I want to buffer a signal with a 7404 IC, but this is an inverting IC. With feedback from the input to the output the signal becomes non-inverting again. Is this method correct and can it be used in circuits?

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  • 4
    \$\begingroup\$ That's not feedback; it's a dead short circuit. \$\endgroup\$
    – Andy aka
    Mar 17, 2023 at 13:16
  • 2
    \$\begingroup\$ Put two inverters in series. There is no way to "straighten" the inverter by using feedbacks whatsoever. \$\endgroup\$
    – Eugene Sh.
    Mar 17, 2023 at 13:28

1 Answer 1


All you're doing there is shorting the input to the output which at best just passes the input through unbuffered, but might also have other unwanted affects.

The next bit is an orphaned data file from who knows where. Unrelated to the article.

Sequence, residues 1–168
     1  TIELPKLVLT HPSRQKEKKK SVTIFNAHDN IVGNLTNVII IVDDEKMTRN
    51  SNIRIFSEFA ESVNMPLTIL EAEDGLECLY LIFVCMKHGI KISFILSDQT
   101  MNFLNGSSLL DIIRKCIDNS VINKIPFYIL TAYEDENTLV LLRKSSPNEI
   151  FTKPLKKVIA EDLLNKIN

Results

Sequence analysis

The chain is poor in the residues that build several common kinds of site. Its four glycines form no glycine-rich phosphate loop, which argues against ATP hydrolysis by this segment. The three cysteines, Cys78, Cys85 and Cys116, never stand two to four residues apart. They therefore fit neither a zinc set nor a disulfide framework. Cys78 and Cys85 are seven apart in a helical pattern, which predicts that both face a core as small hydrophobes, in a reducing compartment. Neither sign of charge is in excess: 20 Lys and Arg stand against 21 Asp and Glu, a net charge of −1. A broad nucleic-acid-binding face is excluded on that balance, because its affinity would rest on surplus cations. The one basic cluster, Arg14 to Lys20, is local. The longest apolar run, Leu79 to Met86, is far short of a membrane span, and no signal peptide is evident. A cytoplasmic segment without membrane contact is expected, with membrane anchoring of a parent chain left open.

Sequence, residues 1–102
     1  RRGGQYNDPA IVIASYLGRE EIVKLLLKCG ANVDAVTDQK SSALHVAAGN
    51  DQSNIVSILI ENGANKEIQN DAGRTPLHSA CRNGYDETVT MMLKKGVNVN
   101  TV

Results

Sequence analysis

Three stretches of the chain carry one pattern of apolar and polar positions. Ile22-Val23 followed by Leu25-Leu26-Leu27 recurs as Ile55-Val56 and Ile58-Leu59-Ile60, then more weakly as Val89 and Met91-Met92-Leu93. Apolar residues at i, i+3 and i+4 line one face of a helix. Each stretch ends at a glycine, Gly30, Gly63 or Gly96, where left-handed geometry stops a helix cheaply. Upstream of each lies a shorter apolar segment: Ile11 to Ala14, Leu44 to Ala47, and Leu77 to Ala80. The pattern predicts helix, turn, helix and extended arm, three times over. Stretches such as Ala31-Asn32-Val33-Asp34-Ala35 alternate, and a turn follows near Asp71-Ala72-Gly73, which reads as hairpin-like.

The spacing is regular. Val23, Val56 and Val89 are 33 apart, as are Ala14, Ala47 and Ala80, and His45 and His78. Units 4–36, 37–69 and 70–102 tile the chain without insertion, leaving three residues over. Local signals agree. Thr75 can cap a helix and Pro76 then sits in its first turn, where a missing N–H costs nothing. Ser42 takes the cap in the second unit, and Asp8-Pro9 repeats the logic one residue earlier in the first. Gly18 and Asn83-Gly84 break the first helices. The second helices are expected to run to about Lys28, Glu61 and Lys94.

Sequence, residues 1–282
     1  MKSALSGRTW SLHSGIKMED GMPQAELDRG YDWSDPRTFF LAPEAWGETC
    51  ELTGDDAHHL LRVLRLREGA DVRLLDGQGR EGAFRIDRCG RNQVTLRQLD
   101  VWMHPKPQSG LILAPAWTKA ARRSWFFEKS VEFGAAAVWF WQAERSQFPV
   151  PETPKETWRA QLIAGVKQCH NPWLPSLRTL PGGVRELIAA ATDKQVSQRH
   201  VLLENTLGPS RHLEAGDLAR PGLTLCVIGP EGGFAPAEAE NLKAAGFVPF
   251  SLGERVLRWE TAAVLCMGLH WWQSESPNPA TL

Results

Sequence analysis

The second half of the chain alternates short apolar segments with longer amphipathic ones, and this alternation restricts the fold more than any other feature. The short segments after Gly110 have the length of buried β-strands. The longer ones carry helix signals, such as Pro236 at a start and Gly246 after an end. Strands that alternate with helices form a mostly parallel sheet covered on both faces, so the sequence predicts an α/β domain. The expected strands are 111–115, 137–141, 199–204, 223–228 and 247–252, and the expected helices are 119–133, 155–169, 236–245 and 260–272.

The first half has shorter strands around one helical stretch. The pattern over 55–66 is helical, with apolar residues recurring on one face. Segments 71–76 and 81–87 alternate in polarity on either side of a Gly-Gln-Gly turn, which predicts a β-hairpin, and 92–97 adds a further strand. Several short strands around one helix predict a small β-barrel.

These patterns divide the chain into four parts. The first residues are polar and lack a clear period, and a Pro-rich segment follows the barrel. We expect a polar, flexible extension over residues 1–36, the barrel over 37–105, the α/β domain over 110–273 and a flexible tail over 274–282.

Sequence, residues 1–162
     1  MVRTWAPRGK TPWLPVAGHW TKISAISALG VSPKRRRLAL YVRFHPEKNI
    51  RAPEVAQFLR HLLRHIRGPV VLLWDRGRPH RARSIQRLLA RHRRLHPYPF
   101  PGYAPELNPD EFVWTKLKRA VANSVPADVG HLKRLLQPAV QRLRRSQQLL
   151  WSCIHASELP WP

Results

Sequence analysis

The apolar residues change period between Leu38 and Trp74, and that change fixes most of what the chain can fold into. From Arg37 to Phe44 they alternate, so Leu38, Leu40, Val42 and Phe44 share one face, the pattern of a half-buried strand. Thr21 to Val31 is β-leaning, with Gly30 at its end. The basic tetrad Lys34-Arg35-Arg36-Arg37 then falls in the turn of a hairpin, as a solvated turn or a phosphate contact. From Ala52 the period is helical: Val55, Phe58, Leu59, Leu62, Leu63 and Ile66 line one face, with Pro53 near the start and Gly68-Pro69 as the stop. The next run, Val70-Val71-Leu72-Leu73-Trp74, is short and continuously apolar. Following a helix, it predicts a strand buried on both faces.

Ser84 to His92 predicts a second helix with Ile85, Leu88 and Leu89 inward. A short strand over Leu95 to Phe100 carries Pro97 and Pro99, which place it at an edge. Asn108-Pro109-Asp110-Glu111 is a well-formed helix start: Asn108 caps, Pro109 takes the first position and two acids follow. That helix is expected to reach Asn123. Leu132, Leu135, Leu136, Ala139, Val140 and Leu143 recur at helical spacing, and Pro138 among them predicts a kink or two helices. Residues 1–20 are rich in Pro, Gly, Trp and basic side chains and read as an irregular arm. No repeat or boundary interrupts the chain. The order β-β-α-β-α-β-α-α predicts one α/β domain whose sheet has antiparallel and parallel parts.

You can either put two 7404 inverters in series or you can use a non-inverting buffer such as the 7407, although that one is open-collector output so you would need a pullup resistor on the output. You can see a list of some TTL logic ICs here although some may be obsolete. You can also search on one of the electronics suppliers' sites for non-inverting buffers. There are different varieties such as Schmitt trigger, open collector, tri-state outputs, and a number of different logic families for different voltages and speeds. You can learn a lot by looking though some data sheets.


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